In vitro studies suggest that pig intestinal microbes ferment diverse types of oligosaccharides differently. Both the type and amount of SCFA produced vary, as well as the amount of gas produced (Smiricky-Tjardes et al. 2003). Fermentation of PDX was observed to have significant effects on the microbial metabolite profiles but having rather small effects on the composition of the microbial community. In human clinical trials, and in the in vitro models, PDX has been shown to reduce putrefaction metabolites (branched-chain fatty acids) and increase SCFA production (Jie et al. 2000; Probert et al. 2004; Mäkivuokko et al. 2005; Mäkeläinen, In the press). However, more variable results have been obtained regarding the changes in composition of the microbial community (Jie et al. 2000; Probert et al. 2004; Mäkivuokko et al. 2005). Lack as well as presence of a bifidogenic effect has been shown both in vitro and in vivo.

Various factors could be considered as a reason for the lack of a prebiotic effect when certain oligosaccharides have been applied to swine diets. First, experimental animals are in good health and optimally reared using uniform balanced and highly nutritious diets in controlled and hygienic environments (Mikkelsen et al. 2003). Second, other non-digestible oligosaccharides or NSP in the diet could induce a dilution effect. Third, the intestine of pigs may harbour a high number of lactobacilli and bifidobacteria (Barnes, 1986; Gabert et al. 1995; Mathew et al. 1998; Franklin et al. 2002) that can reduce their response to prebiotic supplementation measured in the colon or in faeces. In human subjects, the bifidogenic effect of prebiotic oligosaccharides is inversely related to the volunteer's initial counts (Van Loo et al. 1999). As with other single-stomached animals, pigs acquire a more stable GI microbiota only after weaning (Ewing & Cole, 1994; Adami & Cavazzoni, 1999). Perhaps the most appropriate times for demonstrating prebiotic effects in swine are stressful periods such as weaning. Stress is known to influence the GI microbiota and affect total lactobacilli populations (Mathew et al. 1998; Tannock, 2001; Franklin et al. 2002). Adult animals gradually adapted to the experimental diets were not under stressful conditions and might have had a more stable microbiota, showing less or no prebiotic effect.

In the present study, decreased concentrations of SCFA by the PDX treatment were measured. In vitro colon simulation experiments utilising complex microbiota (Probert et al. 2004; Mäkivuokko et al. 2005), all major SCFA (acetic acid, propionic acid and butyric acid) were increased upon PDX fermentation. Therefore, the decrease in the pig lumen may indicate increased uptake by epithelial cells rather than reduced production by microbes (Vogt & Woleyer, 2003). Results obtained from the blood samples support this hypothesis – higher plasma concentrations of acetic acid and lactic acid in the PDX-supplemented group indicate improved absorption rate from the GI tract. Availability of butyrate is of great importance, since it has been shown to function as a primary energy source for the colon, and have anticancer effects (for a review, see Miller, 2004). Therefore, supplementation of the diet by sustainable fermented fibre could reduce the risk of developing colon cancer in that respect, too (Perrin et al. 2001). In human subjects PDX has been shown to be carried through the whole GI tract, to promote butyrate production, and therefore increasing the availability of butyrate throughout the colon (Jie et al. 2000; Mäkivuokko et al. 2005).

Increased spermidine, and a tendency of spermine, concentrations in the PDX group in the distal large intestine indicated improved epithelial cell growth (Heby, 1981). Furthermore, the principal reduction in production of branched-chain fatty acids as an indication of reduced putrefaction observed upon PDX supplementation in the distal large intestine is noteworthy, since the risk of developing colon cancer in the distal colon is especially high, and some of the putrefactive metabolites, such as indoles and phenols, have been shown to have carcinogenic effects (Smith & Macfarlane, 1997). By supplementing a low-fibre high-energy-density diet with such non-digestible carbohydrates that can persist until the distal colon and modify the microbial metabolism there towards a reduction in putrefaction may impact on the risk of developing colon cancer. Importantly, it was shown in the present study that PDX is fermented gradually throughout the colon and reaches also the most distal parts of the colon.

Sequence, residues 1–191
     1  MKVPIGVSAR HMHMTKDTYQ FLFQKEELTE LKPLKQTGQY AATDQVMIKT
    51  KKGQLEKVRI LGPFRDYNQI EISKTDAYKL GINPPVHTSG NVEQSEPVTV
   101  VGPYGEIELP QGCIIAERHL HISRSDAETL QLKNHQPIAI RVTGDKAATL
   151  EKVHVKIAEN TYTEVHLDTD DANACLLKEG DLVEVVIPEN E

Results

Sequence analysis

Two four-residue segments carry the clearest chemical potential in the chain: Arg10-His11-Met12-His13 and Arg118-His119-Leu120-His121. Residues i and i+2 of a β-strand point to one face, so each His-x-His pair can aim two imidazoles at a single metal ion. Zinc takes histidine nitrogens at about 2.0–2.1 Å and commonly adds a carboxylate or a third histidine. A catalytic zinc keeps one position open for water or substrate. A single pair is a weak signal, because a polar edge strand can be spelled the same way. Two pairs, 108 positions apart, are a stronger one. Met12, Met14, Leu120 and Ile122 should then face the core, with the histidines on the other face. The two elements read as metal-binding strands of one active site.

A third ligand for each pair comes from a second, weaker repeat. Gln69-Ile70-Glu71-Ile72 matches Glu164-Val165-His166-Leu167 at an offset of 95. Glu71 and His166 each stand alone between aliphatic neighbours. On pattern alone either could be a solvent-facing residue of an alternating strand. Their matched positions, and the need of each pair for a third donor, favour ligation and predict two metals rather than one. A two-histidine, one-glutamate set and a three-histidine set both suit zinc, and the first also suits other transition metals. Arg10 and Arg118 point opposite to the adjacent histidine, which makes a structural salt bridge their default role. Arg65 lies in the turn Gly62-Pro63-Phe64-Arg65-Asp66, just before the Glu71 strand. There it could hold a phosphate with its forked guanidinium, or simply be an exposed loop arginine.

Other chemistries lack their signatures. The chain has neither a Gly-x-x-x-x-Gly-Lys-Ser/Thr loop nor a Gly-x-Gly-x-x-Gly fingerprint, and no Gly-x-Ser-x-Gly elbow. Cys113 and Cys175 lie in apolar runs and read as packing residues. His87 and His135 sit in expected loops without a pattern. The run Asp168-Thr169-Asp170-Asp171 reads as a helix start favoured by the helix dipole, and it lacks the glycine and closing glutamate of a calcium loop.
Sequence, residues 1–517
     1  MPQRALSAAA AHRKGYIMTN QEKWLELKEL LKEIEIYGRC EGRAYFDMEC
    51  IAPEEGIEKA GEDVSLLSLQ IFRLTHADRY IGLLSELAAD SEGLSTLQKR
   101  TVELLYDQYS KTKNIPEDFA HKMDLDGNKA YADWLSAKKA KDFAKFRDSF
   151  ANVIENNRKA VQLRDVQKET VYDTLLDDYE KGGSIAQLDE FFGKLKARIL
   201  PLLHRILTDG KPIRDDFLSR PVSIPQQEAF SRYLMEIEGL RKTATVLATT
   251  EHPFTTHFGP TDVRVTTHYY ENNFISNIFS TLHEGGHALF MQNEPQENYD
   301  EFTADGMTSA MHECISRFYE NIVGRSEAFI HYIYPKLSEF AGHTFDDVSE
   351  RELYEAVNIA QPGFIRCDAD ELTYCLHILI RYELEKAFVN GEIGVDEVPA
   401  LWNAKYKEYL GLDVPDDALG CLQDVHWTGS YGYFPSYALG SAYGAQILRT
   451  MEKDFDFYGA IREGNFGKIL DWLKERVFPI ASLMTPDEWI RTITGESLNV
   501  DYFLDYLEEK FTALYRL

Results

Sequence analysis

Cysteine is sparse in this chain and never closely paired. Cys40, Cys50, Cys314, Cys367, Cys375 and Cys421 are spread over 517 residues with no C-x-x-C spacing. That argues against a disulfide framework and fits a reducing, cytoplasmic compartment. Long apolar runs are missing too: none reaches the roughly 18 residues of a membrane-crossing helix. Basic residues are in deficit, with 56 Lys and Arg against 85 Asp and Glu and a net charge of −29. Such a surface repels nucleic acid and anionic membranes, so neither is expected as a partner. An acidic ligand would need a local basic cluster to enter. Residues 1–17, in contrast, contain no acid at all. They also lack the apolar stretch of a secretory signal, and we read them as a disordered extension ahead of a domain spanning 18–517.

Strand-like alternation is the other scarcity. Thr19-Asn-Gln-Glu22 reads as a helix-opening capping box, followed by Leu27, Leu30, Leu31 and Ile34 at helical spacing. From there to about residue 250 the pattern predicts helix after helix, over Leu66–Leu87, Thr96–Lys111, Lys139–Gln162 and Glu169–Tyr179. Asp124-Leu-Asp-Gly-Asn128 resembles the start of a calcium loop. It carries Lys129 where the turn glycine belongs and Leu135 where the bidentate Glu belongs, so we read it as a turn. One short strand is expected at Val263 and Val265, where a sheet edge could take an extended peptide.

Prostaglandins derived from COX-2 are important in the healing of mucosal injury, in protecting against bacterial invasion, and in down regulating the mucosal immune system. However, increased COX-2 expression has been observed in colorectal carcinogenesis (Wendum et al. 2004; Wallace & Devchand, 2005). In the present paper we report for the first time that in healthy piglets fed with a high-energy-density diet the expression of COX-2 increased towards the distal end of the colon, although individual variation was quite high. Here, supplementation of the diet with PDX had a tendency to decrease the COX-2. As it is likely that in man expression of COX-2 varies from one individual to another, these data obtained from pigs may reflect the human situation in a reasonable way. A low-fibre diet may create an environment in the distal colon in sensitive individuals that favours cancer development. Increasing the weight of these preliminary findings, in a chemically induced colon cancer model, PDX has been shown to reduce numbers of aberrant crypt foci, especially in the distal colon (Ishizuka et al. 2003) and in an in vitro model, combining a colon fermentation simulation model with a Caco-2 cell model (Mäkivuokko et al. 2005), a dose-dependent reduction towards the distal colon in COX-2 expression was noted by PDX.

In a rat model an immune-stimulatory effect in the intestine by PDX has been previously suggested (Peuranen et al. 2004). In the present study no increase in IgA concentrations was detected. If stimulation is mediated by specific microbes, the difference may be explained by different microbiota in the two animal species, rat and pig.

In conclusion, the stable nature of the microbial community structure in pigs appears not to allow detection of minor effects induced by diet. Metabolic changes, on the other hand, are more readily detected and effects induced by PDX were evident and, furthermore, appeared similar to those retrieved from previous in vitro models and clinical studies. A gradual fermentation of PDX was found to take place throughout the large intestine, explaining detection of beneficial effects even in the most distal colon.

Acknowledgements

We are grateful to Seppo Peuranen for help with the pig model, Markku Saarinen for chemical analyses, Brita Mäki for IgA measurements, Jaana Oksanen for COX gene expression analyses, Akra-Numero Research and Consultancy Centre, India for statistical analyses, and Arthur Ouwehand for the helpful comments and discussions. This research was supported by the National Technology Agency, TEKES, of Finland.